When I met Luke and Austin at home plate Austin gave me a high five and offered to buy me a beer afterwards. We did just that. I don’t think people realize how young rookie league players are until you look at the 15 guys who played and realize that only 10 of them can legally drink. A lot of the team didn’t want to come out and celebrate our professional debuts, the players who didn’t get to play didn’t have much to celebrate, and others thought it would be unprofessional for us to go out partying after just one game. In the end it was just me, Austin, Canadian Left Fielder Gareth Morgan, reliever Sean Guenther from Atlanta, and Luke Miller (who we did not tell the bartender was still a few weeks away from his 21st birthday).

“A toast,” Austin held his Miller Lite high. “Some came further from others, some will go further than others. But for now, here’s to making it to Peoria, Arizona. And here’s to all of us who make it out.”
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Old 05-14-2019, 07:45 PM   #10
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Wesley Metheny

Nick Feight is a curious little fellow. Nick looks, talks, and runs like a catcher. Coming from a family of catchers I mean that in the kindest way possible. Although he went in the 11th round of our draft he could be the biggest hit or miss prospect from the Mariners draft.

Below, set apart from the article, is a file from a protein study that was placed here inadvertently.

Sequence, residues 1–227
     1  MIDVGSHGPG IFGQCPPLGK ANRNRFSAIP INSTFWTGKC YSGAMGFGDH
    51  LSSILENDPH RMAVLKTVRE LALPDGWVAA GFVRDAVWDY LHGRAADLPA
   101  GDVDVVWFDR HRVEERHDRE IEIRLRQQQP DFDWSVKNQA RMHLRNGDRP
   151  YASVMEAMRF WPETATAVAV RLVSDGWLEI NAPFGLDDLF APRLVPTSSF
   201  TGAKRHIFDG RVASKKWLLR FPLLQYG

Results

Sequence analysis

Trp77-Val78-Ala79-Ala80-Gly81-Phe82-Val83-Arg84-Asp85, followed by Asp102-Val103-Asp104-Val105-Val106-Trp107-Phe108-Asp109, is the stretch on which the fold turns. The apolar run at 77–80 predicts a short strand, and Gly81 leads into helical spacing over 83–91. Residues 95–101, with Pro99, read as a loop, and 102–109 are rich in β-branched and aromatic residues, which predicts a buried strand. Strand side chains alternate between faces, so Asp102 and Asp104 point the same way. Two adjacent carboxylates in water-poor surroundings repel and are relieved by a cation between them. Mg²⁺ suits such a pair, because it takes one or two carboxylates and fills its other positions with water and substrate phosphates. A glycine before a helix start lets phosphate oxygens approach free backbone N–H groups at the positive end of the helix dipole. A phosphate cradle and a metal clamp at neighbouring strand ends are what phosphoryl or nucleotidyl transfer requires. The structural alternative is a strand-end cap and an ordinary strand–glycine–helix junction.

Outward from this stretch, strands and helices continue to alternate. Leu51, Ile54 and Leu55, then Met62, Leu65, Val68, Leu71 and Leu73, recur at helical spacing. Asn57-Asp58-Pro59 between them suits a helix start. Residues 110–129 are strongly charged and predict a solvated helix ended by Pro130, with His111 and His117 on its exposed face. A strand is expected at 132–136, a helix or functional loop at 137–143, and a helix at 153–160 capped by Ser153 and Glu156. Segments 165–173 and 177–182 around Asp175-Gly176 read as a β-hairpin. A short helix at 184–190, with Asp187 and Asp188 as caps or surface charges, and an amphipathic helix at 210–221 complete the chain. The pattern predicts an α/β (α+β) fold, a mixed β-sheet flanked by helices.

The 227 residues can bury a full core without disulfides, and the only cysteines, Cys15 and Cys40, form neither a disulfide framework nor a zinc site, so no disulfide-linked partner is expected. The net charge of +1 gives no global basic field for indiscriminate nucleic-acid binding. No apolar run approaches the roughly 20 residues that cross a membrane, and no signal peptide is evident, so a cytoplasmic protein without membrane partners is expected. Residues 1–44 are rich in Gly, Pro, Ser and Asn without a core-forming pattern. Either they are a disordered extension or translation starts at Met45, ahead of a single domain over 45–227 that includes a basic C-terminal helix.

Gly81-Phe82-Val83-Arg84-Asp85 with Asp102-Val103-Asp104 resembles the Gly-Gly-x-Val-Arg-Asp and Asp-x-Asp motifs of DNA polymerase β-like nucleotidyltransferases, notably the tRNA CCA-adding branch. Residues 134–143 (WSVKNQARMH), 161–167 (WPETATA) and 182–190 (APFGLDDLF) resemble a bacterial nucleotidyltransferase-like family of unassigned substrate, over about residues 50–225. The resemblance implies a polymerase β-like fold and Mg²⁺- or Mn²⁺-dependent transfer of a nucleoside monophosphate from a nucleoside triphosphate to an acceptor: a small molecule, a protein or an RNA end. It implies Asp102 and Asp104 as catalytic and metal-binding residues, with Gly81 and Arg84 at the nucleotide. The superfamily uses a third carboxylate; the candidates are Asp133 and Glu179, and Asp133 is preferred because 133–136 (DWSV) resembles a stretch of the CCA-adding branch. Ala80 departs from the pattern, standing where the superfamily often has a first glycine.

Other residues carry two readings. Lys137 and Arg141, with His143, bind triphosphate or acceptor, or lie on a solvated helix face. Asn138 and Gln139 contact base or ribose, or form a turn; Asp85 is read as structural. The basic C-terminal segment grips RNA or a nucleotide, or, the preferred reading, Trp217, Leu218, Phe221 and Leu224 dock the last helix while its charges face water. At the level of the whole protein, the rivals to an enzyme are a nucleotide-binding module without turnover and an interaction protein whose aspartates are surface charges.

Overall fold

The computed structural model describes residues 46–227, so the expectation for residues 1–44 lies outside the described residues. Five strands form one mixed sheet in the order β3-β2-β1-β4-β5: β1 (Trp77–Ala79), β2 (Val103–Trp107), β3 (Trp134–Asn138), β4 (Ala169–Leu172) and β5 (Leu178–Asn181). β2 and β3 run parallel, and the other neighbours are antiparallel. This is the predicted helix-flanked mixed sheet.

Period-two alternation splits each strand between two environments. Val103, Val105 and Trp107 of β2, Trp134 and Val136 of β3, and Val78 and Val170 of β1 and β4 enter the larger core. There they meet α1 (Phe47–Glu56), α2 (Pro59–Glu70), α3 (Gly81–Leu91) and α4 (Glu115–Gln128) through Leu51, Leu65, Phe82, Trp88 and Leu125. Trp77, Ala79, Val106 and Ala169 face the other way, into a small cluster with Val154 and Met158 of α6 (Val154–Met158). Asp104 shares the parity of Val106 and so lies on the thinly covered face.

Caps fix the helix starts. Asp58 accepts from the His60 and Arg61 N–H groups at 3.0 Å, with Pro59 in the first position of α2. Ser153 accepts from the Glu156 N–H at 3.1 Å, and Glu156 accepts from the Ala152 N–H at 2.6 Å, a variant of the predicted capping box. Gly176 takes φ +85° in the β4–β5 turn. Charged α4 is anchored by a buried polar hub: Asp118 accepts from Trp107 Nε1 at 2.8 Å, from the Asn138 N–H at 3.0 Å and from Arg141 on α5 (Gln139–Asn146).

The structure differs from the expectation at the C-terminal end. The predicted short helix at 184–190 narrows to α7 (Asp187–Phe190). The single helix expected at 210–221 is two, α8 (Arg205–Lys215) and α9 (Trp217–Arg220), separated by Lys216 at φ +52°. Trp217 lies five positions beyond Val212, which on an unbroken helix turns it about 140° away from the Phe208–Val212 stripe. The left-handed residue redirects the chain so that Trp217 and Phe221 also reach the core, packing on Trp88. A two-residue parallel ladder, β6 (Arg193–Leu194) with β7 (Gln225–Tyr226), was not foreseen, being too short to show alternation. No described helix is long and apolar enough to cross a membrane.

His potential rests squarely on his power numbers. When you are around baseball long enough you can tell by the way someone looks what type of hitter they will become; or maybe can become. 5’10 200 lb. Feight has the makings of a guy who could hit 20 home runs in the Majors at some point in his career; his problem is that the way he uses his body right now he couldn’t hit 20 home runs in Single-A.

Defensively we are probably equivalent, but remember that I was chased away from playing the position. Getting on base does not come easily to him either. If his power numbers don’t pan out he will toil in the minors. The good news for the Seattle Mariners is that nobody on this team cares more about getting themselves better at their craft than Nick. He’s one of those “My body is a temple” types. So you can imagine his reaction when he realized that the four guys batting in front of him for the day were counting their beers from the night before in the clubhouse.

To Nick’s credit, the four of us (Gareth, Luke, me and Austin) played like crap. Our first three batters got on base in the 1st before Gareth hit into a double play and Luke struck out. None of us got a hit until Austin and I singled back to back at the top of the 4th (after our drinking buddies went down in order to lead off the inning). Nick pulled a liner just inside the pole to bring us home, but he was not in the mood to celebrate when he finished running the bases.

Things came to a head in the bottom of the 8th. Their lead-off man got on base with a single. A botched bunt popup kept the runner on first and got the first out. Then a bouncer to short could have retired the inning but the ball just dropped out of Austin’s hand. 3 runs later they had a 4 run lead going into the 9th, we would score once more but came up short 5-8.

Winning these games does not matter in the grand scheme of things, but you couldn’t tell Nick that. Needless to say we stayed away from the bar that night.